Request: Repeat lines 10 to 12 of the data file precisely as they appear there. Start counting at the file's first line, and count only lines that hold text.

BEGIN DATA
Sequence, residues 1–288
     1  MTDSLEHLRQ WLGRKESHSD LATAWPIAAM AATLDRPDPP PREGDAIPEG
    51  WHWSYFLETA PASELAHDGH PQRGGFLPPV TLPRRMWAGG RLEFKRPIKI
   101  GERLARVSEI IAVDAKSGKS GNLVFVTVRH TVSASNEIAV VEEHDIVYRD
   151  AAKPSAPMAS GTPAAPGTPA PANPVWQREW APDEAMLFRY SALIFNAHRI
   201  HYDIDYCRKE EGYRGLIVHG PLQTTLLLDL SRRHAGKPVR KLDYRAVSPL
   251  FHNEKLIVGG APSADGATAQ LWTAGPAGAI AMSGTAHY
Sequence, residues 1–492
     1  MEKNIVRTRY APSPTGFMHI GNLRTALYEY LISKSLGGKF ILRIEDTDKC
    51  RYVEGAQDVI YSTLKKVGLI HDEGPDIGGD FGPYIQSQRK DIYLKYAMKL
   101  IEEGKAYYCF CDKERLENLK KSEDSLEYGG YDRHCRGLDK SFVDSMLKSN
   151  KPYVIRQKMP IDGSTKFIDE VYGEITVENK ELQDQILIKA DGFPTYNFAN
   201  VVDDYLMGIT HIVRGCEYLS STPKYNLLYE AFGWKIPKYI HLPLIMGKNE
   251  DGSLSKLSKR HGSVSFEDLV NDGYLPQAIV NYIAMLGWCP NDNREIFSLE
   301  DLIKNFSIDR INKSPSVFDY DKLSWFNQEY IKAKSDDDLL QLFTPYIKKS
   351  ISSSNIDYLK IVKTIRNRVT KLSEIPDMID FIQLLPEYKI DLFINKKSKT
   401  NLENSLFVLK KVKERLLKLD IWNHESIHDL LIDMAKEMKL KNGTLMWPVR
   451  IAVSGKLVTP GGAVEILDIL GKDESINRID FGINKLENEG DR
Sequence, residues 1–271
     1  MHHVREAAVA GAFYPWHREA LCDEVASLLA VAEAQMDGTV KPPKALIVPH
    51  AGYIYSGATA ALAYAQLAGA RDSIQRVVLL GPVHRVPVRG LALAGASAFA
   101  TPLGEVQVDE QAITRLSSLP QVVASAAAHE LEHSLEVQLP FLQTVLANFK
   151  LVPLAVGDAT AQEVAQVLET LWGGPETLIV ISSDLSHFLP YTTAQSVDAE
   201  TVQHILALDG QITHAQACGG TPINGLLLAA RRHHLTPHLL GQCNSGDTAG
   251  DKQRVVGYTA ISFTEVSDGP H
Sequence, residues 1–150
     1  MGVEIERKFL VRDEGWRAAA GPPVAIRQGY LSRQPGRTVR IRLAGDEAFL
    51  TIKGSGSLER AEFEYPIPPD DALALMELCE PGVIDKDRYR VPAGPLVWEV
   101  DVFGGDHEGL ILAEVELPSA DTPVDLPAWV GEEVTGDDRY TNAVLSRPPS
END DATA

    51  RYVEGAQDVI YSTLKKVGLI HDEGPDIGGD FGPYIQSQRK DIYLKYAMKL
   101  IEEGKAYYCF CDKERLENLK KSEDSLEYGG YDRHCRGLDK SFVDSMLKSN
   151  KPYVIRQKMP IDGSTKFIDE VYGEITVENK ELQDQILIKA DGFPTYNFAN